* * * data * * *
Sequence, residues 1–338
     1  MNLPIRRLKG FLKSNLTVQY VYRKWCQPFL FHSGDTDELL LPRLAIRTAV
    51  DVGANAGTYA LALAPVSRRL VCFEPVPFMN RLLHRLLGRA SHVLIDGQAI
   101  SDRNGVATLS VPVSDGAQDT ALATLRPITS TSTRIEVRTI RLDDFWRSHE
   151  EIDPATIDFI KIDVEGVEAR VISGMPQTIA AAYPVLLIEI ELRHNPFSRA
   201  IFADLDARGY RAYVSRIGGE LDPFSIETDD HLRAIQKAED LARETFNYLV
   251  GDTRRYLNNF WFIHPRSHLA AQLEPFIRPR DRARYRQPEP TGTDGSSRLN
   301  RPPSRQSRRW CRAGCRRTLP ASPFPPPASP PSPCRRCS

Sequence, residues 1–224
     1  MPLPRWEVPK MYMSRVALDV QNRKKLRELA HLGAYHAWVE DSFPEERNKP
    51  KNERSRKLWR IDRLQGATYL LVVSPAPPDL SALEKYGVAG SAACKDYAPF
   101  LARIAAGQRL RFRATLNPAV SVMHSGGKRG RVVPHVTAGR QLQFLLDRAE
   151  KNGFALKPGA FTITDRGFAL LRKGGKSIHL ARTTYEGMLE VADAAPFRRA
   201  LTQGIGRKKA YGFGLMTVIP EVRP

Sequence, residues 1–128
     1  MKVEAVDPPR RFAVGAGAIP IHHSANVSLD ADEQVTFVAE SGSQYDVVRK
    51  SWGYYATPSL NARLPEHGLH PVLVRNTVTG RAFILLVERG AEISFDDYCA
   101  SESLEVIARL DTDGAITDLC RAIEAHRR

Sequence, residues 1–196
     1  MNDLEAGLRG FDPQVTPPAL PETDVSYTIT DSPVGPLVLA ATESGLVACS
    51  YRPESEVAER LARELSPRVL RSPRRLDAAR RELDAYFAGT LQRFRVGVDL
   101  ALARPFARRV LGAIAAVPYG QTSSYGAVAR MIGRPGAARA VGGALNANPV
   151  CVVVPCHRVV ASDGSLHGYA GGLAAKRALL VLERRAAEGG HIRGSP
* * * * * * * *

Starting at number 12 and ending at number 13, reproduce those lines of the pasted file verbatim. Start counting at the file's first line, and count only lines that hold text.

   101  LARIAAGQRL RFRATLNPAV SVMHSGGKRG RVVPHVTAGR QLQFLLDRAE
   151  KNGFALKPGA FTITDRGFAL LRKGGKSIHL ARTTYEGMLE VADAAPFRRA